Governors have to lead, Shumlin said. "What kind of leadership can Vermonters expect from you?” In keeping with Milne’s measured approach, he said his promise as governor would be to “listen before I act.”

Milne said his willingness to sign legislation he might not support reflects his belief in the priority of local control. If enough legislators respond to constituents by passing a bill, he seemed to say, it’s worth signing.

On school spending and property taxes, Shumlin continued to forward the notion that schools need to be encouraged to find cost-savings to bring their budgets in line with smaller public school enrollments. Milne promoted the idea of a two-year cap on property tax rate increases. He said critics who insist that approach would shift costs to local communities are “uninformed.”

They exchanged a brief round of barbed banter about which candidate understands education finance less, but otherwise the debate maintained a fairly cordial tone.

From the moderator’s seat, Kelly had to remind Milne at one point that the question he had been asked was about his own proposed solutions to the ever-rising costs of health care. He never quite mustered a response beyond characterizing Shumlin’s plan as “reckless” one more time.

"It’s not enough to simply tear plans down,” Shumlin responded. "Leadership is about solving the problems.”

A woman named Kelly Bradley on Facebook lamented that the state does not do enough to make Vermont a financially viable place to live. “Instead they come up with more laws, more taxes, more fines, and they wonder why no one wants to stay,” she wrote.

Shumlin responded in much the same way he summed up his closing remarks.

“We’ve got a lot to do coming out of the recession,” he said. Vermont’s high school graduates need to acquire more skills through post-secondary education to bolster the state’s workforce and make businesses successful, he said. The lakes and environment must be protected, health care needs to become affordable to keep from “bankrupting” residents and businesses, and climate change technology should be ramped up as an industry and a response to climate change, Shumlin said.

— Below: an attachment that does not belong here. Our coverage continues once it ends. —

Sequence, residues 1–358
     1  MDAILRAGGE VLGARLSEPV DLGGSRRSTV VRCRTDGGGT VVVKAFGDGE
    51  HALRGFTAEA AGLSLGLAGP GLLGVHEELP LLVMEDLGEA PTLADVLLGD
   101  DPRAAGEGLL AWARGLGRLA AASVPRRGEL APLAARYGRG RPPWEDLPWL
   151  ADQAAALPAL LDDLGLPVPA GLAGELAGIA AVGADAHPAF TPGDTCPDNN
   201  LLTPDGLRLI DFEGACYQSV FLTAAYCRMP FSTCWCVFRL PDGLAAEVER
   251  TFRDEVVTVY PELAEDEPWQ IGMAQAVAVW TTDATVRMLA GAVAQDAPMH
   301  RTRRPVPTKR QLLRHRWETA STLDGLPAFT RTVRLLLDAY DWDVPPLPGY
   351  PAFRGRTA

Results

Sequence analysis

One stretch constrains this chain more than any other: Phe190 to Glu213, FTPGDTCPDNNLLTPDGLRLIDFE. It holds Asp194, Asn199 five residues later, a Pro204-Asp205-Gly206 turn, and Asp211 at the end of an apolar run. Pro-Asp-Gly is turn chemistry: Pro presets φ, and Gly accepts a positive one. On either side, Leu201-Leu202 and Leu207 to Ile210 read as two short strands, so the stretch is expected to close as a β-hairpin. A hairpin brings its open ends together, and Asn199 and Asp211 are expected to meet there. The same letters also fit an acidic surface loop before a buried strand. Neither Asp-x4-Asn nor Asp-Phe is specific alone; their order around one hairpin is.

In one of Milne’s more succinct moments, he responded to Bradley by saying, “My vision is a governor that doesn’t make promises that end up broken.” In his closing remarks, Milne invoked the memory of his mother, Marion Milne, co-founder of the family business Milne Travel and a three-term state legislator who died in August.

"I’m naive enough to believe that I can make a difference,” Milne said, repeating her campaign theme. He said as governor, he would bring a more moderate direction and balance to Montpelier.

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Hilary Niles

About Hilary

Hilary Niles joined VTDigger in June 2013 as data specialist and business reporter. She returns to New England from the Missouri School of Journalism in Columbia, where she completed her master's coursework. While there, she worked at Investigative Reporters & Editors and covered state and local government for radio, print and the Web. She’s been a researcher-in-residence at American University’s Investigative Reporting Workshop in Washington, D.C.; a reporter and community radio program director in the New Hampshire; and, in Boston, a public radio producer. She studied English at the University of New Hampshire and documentary writing at the Salt Institute for Documentary Studies in Maine.

Email: [email protected]

Follow Hilary on Twitter @nilesmedia